Should we even water our lawns? Isn’t that wasteful? If it doesn’t produce food, it just wastes water, energy and resources for social vanity.
As the weather warms up in the northern hemisphere and across the country, lawns are getting crispy and burnt. Hot weather and lack of rain is turning lawns from green oasis to hard, crunchy mats. While homeowners may be tempted to dowse their lawns with water in the afternoon, this is definitely not the most efficient use of city water to salvage lawns.
Gardening experts claimed watering at a certain time of day will ensure lawns use water most efficiently. Most forms of grass are some of the most resilient plants on the planet, so they are likely to survive summer with just a little of your attention to when and how you water.
More Efficient Watering
During long bouts of hot weather, lawns can survive even if they don’t look their best during this time. Watering lawns during hot, sunny days (especially in the southern part of the U.S.A) should be avoided as most the water will evaporate. Furthermore, watering lawns during a hot summer can be costly to your pocketbook and environment. The truth is that it would be healthier for you and the planet if you just leave nature to do its work. Eventually, natural rains will come along and bring moisture levels in the soil back to normal.
But for those who are adamant about watering their lawns, applying the water in the evening after 8pm is the best and most efficient watering method. Doing so ensures the grass gets the best use out of it, and the grass has all night to use the water more efficiently.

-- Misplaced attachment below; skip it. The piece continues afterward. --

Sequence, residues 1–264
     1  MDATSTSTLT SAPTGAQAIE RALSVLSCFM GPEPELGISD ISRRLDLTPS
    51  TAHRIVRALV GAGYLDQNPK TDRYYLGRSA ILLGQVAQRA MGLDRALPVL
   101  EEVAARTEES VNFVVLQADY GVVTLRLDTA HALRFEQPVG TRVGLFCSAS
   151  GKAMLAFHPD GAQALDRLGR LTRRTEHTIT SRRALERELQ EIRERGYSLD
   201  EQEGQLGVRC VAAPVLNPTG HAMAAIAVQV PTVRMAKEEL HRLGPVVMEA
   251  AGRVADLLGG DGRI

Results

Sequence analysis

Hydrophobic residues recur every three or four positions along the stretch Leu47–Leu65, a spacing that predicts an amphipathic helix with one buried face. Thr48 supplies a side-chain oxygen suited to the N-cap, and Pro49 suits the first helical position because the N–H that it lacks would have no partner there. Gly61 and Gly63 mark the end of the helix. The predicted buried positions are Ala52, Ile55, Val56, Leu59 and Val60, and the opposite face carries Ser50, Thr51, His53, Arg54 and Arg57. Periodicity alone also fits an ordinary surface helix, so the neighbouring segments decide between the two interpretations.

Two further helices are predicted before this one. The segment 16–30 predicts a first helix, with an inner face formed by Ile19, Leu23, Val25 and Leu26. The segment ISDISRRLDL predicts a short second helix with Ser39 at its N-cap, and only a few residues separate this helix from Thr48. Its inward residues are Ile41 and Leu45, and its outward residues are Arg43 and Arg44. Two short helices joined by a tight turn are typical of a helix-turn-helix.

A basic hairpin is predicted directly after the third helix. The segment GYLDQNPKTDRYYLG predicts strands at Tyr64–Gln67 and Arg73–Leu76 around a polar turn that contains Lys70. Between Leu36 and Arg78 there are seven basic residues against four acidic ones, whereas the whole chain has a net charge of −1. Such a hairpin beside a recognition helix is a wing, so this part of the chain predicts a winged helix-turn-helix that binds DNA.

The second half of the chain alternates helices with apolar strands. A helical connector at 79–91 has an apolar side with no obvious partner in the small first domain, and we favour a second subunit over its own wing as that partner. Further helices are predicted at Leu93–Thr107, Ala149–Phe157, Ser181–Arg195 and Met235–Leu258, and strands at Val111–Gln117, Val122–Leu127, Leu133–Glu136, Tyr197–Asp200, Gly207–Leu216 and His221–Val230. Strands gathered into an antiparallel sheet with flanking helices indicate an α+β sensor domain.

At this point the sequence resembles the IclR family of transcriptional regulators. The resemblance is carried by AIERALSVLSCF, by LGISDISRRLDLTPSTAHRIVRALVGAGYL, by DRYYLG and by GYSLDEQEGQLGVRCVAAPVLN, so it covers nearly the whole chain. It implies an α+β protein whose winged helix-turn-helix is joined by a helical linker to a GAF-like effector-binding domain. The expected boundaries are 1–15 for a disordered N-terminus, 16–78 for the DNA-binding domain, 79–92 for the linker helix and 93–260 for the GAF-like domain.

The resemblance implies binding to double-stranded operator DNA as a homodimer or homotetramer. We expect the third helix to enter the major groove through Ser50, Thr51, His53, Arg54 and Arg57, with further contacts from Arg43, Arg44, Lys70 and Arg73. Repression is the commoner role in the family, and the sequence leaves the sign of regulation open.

Though it is better to water in the evening, if you forget or have an early schedule, watering lawns in the morning should be done before the sun gets high… before 8:00 am.
How Much Water?
It really depends on the context, type of grass and watering method. Outside extreme temperatures, one inch of water per week is sufficient for a lawn to remain healthy during warm seasons. Drip lines or sprinklers should be run for approximately 30 to 35 minutes twice a week. Again, this depends on volume and flow. The point is do it twice a week, enough to help the lawn survive but do not soak it. Over soaking dry lawns wastes water obviously but doing so can also encourage mold, fungus, or mildew.
The Real Issue: Soil, Not Grass
Soil condenses and shrinks in hot and dry conditions because the air is sucked out along with the moisture. It helps to aerated lawns to improve the grass’ root development, water percolation and nutrition. Aeration should be done in the fall/autumn when the heat of summer has passed. Use a hollow-tine aeration fork or machine but not a garden fork to aerate the lawn.
Work with nature, not against it. Avoid harmful synthetic pesticides or herbicides.